"When I left, it was devastating because it was like I was leaving my mom, to go live with grandma. It was like that but worse."
The once temporary situation became permanent when James was about 5 years old. His mother dropped her three children off never to return.
"When I was living with my mom, we never knew where we were going to live, we never had a real stable house," James said, "but then I lived with my grandma so I would have a stable house, and the rest of my family helped kick in and we'd all be good."
A strong-willed single-mother with her youngest daughter, then 10-year-old Deandra, still living at home, Jackson didn't think twice about tripling her household.
"She would take her last to help somebody else," said Jackson's youngest sister, Catheyan Woods, 34, with whom James now lives. "No matter how bad she might have needed it, it was more or less, they need it, so I'm going to help them.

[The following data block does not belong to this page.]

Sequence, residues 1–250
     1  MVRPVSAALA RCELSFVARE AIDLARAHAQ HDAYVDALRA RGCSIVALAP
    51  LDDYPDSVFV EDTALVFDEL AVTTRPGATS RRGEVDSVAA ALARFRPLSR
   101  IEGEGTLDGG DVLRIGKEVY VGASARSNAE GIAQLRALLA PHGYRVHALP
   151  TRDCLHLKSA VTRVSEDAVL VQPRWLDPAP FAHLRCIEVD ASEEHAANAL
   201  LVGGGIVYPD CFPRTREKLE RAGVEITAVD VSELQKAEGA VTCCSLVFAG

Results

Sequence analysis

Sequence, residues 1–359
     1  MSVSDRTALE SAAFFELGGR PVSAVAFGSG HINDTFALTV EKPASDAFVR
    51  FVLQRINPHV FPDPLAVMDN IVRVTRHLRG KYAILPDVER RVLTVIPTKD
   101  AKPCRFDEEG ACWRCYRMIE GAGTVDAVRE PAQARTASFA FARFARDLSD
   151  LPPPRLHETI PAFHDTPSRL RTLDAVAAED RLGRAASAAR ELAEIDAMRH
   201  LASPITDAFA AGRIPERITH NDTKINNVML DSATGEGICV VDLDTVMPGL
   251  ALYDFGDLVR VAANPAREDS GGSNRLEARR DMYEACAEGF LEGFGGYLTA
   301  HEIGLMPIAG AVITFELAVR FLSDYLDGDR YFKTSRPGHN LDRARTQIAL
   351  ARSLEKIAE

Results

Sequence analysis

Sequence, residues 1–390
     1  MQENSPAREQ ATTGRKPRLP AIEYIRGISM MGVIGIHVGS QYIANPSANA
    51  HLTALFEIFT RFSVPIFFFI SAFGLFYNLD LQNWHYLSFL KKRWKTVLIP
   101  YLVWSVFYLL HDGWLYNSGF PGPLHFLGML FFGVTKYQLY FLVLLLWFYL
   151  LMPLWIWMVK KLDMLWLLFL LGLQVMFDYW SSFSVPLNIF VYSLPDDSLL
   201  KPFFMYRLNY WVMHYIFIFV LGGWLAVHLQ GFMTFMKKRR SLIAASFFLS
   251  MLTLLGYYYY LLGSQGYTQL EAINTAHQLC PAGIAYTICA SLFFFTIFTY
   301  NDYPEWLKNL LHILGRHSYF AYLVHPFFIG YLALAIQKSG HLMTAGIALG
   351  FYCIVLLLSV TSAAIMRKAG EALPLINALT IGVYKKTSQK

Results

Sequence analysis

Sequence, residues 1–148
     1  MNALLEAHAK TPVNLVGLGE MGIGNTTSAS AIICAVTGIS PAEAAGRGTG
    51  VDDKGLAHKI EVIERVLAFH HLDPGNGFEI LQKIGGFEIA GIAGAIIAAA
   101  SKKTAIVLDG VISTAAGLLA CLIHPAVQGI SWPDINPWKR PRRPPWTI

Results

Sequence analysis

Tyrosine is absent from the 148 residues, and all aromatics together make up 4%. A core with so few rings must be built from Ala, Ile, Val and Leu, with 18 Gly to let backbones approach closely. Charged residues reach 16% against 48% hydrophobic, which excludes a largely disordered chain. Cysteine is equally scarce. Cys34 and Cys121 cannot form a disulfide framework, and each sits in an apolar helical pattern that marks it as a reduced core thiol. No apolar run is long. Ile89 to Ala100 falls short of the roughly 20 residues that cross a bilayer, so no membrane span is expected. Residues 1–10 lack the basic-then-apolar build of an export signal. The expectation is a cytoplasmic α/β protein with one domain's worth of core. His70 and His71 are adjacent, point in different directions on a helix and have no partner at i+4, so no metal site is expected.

"For them, that's all they knew. You see somebody who's strong, that's going to provide for them even though she was still raising a daughter herself she took on the four of them, because they were her grandchildren. There is nothing else to be done. I have to take them. This is where they belong."
It takes a village
James might not know much about the African culture of the Igbo people.
But he is a prime example of one of their most famous proverbs "Ora na azu nwa," which translates to "It takes a village to raise a child."
"For us in the African-American community, ... it took more than our parents (to raise us). ... It takes a community," said longtime Heights basketball coach Celneque Bobbitt, a life-long Killeen resident. "If you see somebody that needs some help, you lend that helping hand."